Thursday, August 18, 2011

things I've learned since moving to Boston: 3

I spend my days writing on a screened porch that faces my neighbor's backyard. There are sixty years and a picket fence that separate my neighbor and I, and I know he must think me a flighty creature rarely without her laptop or a book in her hand, one who openly dances in the kitchen to too-loud music; a frivolous thing prone to polka-dot skirts and ruffled hems; a strange bird who crawls on her belly to take pictures of dragonflies and drinks wine in the afternoon.

Our mirrored houses were built in 1954, and he knows everything about my new address-- when my well was built, what flowers grow in my flowerbeds and when they were planted, when the new porch went up, when the hedges need pruned. He mourned for the husband who died here. He knew the name of the 94-year-old woman who needed the steel handles in my bathtub.

I come inside when he mows the lawn-- who can write with a motor going? He avoids the backyard when I play with the dogs-- who can enjoy the afternoon with two dogs barking? We live in a perpetual avoidance, one without small talk and exchanged pleasantries.

Yet when the summer rain comes we sit, he in his lamplit living room and I on my porch, and together we watch the storms roll in, and we both put on a record-- him New Orleans jazz, me classic blues, both of us Glenn Miller-- and I feel like I know him, this old friend, this daytime companion, this neighbor I've only spoken to once.


  1. amazing. isn't it strange when we realize the things that separate us and bring us together? who would have thought THAT is what you would have in common with your neighbor. i think you should invite him to your porch for a drink. i've never met an old man who likes wine though, they seem to prefer whiskey ;)

  2. This was so great, Nicki. Very descriptive, and almost poetic.

    Isn't it interesting how people can live so close to each other, but still be miles apart? I feel that way about some of my neighbors sometimes. I don't even know what some of them look like or what their names are, and I've lived here for almost 6 years!

  3. Beautiful. Just beautiful. You have a gift, love. Can't wait to see you.

  4. steph-- Hell, I prefer whiskey. We should totally have a tea party. With whiskey instead of tea. BEST. IDEA. EVER.
    Candice-- I've forgotten every neighbor's names except his. I've YET to see the lady who lives next door. The last place I lived was even worse-- we all lived beside and on top of each other and I didn't know ANYONE. Man, there's an acre between each of my neighbors back home in PA and I know every single one of them!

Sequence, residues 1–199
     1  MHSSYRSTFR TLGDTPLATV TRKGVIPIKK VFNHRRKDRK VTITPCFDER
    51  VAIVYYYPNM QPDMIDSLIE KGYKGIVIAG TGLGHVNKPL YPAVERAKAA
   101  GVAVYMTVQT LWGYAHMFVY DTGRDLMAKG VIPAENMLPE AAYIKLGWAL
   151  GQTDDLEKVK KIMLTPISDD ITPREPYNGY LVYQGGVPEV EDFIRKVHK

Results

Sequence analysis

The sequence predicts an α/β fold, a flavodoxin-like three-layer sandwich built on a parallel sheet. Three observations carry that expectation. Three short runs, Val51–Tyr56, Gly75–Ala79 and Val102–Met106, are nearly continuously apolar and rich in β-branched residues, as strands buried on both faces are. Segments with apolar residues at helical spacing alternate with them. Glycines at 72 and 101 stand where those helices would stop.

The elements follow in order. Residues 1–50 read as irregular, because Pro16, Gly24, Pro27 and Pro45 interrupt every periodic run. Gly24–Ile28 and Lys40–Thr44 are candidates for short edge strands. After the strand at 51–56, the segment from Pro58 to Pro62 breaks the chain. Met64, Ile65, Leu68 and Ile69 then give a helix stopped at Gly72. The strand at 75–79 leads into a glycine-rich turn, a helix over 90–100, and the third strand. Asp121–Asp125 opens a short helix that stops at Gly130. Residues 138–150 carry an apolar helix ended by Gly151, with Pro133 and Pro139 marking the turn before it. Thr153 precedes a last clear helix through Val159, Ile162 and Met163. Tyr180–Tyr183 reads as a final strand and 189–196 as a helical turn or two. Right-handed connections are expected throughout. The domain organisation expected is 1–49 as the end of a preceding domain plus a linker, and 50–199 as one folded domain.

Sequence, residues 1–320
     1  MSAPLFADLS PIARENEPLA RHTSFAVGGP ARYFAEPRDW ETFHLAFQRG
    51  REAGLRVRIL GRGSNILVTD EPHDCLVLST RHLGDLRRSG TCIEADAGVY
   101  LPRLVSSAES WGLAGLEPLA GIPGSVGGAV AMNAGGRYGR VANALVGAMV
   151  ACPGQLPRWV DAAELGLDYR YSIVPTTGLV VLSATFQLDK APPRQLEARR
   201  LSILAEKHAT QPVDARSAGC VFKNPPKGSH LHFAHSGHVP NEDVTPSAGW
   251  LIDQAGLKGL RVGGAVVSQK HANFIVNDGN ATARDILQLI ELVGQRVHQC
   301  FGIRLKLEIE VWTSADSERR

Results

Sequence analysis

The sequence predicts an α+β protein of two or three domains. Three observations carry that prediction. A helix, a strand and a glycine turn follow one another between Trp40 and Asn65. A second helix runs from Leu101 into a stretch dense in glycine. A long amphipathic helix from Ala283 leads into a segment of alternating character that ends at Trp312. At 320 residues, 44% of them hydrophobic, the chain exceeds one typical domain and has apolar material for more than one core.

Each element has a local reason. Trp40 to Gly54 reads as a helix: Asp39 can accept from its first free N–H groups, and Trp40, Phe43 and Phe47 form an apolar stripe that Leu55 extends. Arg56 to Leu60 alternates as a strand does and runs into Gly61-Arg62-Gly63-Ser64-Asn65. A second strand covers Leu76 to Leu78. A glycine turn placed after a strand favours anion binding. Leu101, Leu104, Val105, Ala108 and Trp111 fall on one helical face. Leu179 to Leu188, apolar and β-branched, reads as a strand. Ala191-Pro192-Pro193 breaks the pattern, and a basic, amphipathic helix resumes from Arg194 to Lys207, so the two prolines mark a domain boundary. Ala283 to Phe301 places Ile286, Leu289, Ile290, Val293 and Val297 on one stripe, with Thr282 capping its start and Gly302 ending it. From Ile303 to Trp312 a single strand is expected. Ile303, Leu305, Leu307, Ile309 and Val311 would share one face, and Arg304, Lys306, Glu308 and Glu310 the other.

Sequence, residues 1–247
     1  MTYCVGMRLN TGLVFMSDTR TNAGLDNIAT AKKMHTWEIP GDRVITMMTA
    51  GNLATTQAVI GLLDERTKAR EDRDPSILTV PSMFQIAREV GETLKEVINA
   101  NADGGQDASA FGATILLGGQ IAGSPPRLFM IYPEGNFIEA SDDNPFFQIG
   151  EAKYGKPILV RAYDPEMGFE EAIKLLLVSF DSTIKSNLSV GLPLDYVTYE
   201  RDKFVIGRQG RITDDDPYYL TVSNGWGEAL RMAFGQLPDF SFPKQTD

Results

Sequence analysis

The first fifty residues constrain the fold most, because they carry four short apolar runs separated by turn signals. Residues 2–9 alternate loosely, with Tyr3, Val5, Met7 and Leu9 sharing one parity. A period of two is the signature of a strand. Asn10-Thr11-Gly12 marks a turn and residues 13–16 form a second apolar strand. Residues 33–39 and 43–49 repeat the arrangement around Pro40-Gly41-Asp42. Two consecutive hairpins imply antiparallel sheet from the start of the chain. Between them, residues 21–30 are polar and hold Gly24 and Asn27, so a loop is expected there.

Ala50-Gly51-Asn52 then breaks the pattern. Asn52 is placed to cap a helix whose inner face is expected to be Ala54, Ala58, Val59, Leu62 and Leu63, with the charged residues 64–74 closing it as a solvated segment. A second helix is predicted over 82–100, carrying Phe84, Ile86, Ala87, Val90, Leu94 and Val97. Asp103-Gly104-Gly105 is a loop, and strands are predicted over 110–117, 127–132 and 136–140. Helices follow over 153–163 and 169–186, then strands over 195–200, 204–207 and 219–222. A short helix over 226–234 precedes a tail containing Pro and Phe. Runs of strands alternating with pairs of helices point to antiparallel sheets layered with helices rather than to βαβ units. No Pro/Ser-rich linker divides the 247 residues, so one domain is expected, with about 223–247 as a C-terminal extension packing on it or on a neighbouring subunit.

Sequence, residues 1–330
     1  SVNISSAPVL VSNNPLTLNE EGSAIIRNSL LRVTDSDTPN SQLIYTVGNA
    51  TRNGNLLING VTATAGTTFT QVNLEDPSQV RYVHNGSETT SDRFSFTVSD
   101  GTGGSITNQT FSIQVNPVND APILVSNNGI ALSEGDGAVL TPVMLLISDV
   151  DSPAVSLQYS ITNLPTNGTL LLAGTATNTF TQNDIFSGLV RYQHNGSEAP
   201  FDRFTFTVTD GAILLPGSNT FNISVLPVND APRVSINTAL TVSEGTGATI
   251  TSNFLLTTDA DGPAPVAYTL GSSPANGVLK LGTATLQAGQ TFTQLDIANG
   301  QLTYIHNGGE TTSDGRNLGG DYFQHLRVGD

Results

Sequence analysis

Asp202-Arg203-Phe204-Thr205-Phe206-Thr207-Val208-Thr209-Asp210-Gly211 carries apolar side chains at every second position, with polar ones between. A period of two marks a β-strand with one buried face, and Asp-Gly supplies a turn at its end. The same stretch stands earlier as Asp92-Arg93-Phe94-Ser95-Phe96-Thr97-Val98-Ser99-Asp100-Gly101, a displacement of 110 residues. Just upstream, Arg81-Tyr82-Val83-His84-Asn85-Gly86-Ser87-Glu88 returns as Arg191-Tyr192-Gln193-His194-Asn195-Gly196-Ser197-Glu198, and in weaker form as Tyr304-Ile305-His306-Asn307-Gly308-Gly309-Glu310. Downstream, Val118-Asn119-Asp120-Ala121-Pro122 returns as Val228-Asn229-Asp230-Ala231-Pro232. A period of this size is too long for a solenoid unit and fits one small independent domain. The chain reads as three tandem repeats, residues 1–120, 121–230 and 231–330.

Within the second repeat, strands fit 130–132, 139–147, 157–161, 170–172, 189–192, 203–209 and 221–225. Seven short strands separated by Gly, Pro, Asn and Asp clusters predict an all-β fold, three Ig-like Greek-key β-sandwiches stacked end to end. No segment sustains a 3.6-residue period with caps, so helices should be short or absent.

EMaggie-- Thank you. Sincerely.

  5. This was lovely. I felt like I was sitting on the sidewalk, watching the two of you in this dance in your facing houses.

  6. see? whiskey party. perfect.

    what do you serve with whiskey? i mean, tea you have either little cookies or those teensy sandwiches with the crusts cut off. do you serve pretzels with whiskey? a nice, dark irish soda bread? cheezy poofs?

  7. Truly beautiful. I love how you are not only cognizant of these little moments, but express them in such a way that it makes the reader feel the moment themselves. You took a thread and turned it into a tapestry, love.~

    Tea and crumpets are overrated, but whiskey and strumpets--now THAT'S A FUCKING PARTY!

  8. awww -- made me miss Joe and Zadie -- the lovely couple who lived next door to us when we bought our 55 year old house. Joe remembers Hurricane celia and told us how the only damage to our house was a broken window.

    Their house was filled with mid-century modern furniture. Not the trendy Herman-Miller kind -- the authentic, original pieces indiginous to the era.

    When Zadie died, the soul of the house died. Joe went to lve with his daughter in Atlanta. I haven't heard from him since -- I am sure he has long since joined Zadie.

    Haven't had such great neighbors since.

  9. You wrote this in such a way that I thought I was watching a scene in a movie.

    I know, right?

  10. I heart this. Well written, I feel like I know him a bit now. Talk to him more, there could be a ton of history in that man.
    At the very least, he gets to talk to a flighty yet awesome thing.

  11. Tsaritsa- Thank you! You're welcome on my sidewalk any day =)

    Steph- I think you have manfood like massive burgers cut into teensy pieces or a beer can chicken salad. And pretzel bites, definitely. And DEFINITELY soda bread.

    Miranda- Thank you!

    Kat- Thank you for your kind words, darlin. But...I AM TOTALLY PUTTING WHISKEY AND STRUMPETS ON MY BUSINESS CARD.

    Mary- My neighbor's name is Joe, too! His house still bears the weight of his wife's passing-- pink shutters, homey decorations, teal umbrellas-- he's such a gruff man now, I wonder what he was like when she was around.

    Gnetch- Nicki's latest career move: SCREENWRITING. You should totally do my storyboards.

    Danger- Maybe I should put that on my business card, too-- Flighty, yet Awesome. Or maybe that should be my Twitter bio. I definitely want to talk to him more to learn more about the neighborhood and the town I've moved to-- at the very least, to find out what the hell these plants in my yard are.

  12. This was my first experience meeting a new neighbor a couple of years back:

    I envy such a poetic and mysterious relationship with my neighbors. :)
    And I also second the whiskey party!

  13. I have those neighbours too! Except mine talk to me. A lot.

    It's nice that your new house has a sense of history, though.


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